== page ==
So, anyway. You can see why I was a little nervous about going. I simply didn't trust myself in this store, and it's fair not to have trusted myself. It took an iron will to get out of there without spending the budget for the rest of the summer. But I was pretty good. I had a list, and I aimed to stick to it. I did touch everything in the store, and I spent a really long time peering at the lamb hearts, but ultimately I passed them by (seriously, when I'm looking at organ meat with extreme longing, I really do need to focus on increasing the fat in my diet). I also paused at the olive bar, but the smell was overwhelmingly delightful so I wandered off before I broke down and bought everything.

This week, it finally happened. I managed to go a full 8 (?) weeks without going over budget, but this week did me in. Had I not made that rule that I didn't get to carry forward any unspent monies from week to week (which is not a rule I'd have if I truly could only afford $10/week instead of doing this as a pantry/freezer cleaning exercise and means of conserving savings), I wouldn't have gone over. Not by a long shot. But because I have that rule, I did. Basically what happened is that I went to Phoenicia, bought my groceries, left, traveled through the rivers that used to be roads (I mean that literally; the streets were SO flooded when I did my shopping), and remembered I'd forgotten I needed a bell pepper. But I only have $0.38 left to spend. So, I went to Fiesta and got one, and it put me over. By 12 cents. That is lame. I think if I was going to fail a week, I should've failed it big (i.e., with the addition of junk food), not by a few pennies. But, it still means I only get $9.88 for next week. On the plus side, I didn't buy any junk food this week.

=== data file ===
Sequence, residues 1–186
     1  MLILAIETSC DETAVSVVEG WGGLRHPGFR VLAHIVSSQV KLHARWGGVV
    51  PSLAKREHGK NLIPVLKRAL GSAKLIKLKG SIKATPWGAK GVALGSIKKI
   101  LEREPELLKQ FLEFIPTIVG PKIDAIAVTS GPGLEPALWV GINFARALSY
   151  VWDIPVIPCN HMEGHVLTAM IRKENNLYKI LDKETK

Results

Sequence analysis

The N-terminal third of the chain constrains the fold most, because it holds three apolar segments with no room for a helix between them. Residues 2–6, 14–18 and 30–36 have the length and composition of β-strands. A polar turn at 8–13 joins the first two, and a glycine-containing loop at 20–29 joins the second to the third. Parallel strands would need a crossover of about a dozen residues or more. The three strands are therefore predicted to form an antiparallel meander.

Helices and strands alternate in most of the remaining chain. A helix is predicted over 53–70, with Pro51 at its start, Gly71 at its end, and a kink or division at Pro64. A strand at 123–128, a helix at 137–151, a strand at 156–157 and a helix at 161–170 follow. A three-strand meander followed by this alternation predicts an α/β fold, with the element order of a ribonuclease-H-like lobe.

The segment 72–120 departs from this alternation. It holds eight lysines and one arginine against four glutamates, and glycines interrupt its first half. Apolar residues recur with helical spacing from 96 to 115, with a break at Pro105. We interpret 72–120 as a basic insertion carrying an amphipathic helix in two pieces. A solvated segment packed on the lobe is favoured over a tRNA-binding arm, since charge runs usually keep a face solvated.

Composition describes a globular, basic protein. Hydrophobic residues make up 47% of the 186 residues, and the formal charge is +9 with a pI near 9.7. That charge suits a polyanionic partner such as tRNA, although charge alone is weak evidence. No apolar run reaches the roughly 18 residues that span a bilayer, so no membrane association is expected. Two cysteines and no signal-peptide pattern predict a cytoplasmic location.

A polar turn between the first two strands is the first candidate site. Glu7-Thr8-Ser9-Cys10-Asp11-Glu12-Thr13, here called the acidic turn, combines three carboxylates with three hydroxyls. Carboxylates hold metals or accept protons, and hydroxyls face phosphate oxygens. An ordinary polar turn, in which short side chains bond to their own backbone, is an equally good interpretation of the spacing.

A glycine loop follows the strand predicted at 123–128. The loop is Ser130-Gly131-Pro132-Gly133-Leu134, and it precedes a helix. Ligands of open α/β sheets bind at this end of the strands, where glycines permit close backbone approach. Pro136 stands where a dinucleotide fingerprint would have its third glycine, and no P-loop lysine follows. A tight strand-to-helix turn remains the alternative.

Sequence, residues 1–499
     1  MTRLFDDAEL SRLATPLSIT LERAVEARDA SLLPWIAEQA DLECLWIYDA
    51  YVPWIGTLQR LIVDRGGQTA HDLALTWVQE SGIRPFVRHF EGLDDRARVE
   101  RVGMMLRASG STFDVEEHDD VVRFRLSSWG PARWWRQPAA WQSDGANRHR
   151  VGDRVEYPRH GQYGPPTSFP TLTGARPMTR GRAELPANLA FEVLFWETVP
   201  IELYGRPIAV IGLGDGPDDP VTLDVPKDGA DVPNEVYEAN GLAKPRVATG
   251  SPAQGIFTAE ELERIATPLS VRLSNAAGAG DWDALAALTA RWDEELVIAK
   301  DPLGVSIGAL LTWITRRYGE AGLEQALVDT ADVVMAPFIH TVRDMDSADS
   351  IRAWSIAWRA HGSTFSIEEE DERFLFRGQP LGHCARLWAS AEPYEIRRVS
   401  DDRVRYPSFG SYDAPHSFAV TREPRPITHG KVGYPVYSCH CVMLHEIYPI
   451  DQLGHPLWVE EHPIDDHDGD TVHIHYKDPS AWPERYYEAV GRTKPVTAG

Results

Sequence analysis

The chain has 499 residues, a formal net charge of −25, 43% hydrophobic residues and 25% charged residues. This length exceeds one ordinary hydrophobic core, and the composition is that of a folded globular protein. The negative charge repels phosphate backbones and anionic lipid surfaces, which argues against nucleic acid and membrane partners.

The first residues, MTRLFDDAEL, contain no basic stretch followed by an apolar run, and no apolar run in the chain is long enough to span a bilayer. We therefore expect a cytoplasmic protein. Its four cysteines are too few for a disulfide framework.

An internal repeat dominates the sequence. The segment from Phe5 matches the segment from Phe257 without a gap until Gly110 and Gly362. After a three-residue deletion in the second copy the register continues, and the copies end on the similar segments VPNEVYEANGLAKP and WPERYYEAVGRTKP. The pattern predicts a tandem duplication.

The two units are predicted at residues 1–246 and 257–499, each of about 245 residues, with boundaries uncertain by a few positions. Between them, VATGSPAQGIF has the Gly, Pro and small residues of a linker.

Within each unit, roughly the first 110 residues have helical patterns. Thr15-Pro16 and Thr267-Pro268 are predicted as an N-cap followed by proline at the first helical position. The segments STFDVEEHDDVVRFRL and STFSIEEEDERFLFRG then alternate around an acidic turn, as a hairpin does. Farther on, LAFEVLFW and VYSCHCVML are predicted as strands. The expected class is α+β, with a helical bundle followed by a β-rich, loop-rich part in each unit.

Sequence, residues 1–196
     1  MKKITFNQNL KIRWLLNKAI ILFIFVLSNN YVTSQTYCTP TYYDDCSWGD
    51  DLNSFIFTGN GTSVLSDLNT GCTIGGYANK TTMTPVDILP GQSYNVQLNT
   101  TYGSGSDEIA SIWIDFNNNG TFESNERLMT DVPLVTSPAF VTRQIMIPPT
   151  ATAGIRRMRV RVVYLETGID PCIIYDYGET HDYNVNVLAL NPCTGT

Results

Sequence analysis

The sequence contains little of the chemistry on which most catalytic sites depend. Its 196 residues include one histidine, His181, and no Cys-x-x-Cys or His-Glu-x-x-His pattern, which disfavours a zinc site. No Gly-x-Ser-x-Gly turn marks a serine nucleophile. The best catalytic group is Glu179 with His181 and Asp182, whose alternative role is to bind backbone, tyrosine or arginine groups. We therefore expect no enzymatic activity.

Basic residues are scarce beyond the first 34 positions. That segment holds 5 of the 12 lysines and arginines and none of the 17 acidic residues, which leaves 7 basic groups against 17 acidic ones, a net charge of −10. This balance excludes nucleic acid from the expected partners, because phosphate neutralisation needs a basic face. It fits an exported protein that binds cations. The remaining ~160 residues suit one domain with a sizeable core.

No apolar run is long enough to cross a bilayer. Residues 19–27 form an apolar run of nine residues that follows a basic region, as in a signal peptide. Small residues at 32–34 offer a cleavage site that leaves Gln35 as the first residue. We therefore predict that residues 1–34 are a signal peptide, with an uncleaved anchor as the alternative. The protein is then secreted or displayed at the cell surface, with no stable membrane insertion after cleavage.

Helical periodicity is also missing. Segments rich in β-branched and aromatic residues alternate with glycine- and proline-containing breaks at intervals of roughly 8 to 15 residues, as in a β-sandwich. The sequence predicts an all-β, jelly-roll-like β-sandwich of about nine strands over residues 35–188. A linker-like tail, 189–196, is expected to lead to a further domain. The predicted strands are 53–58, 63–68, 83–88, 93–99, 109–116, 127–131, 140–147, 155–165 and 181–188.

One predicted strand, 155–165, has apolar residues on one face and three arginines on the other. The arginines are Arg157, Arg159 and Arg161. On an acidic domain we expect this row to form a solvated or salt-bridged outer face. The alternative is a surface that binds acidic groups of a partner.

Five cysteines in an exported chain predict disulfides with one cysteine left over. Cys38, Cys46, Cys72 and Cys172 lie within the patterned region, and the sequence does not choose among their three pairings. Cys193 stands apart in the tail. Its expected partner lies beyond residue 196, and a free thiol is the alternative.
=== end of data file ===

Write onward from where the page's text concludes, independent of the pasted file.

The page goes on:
So here's what I spent:


20 ounce can of olives - $1.99
23 ounce can of pickles - $1.89
Celery - $0.69
Red onions (2) - $0.56
Ginger root (.59 pound; I wanted to make crystallised ginger and ginger ale-ish drink, which I actually managed to do with half the ginger) - $0.88
Ricotta salata (0.5288 pounds) - $2.11
9 loaves large pita - $1.50

Total: $9.62


1 bell pepper - $0.50

Total $0.50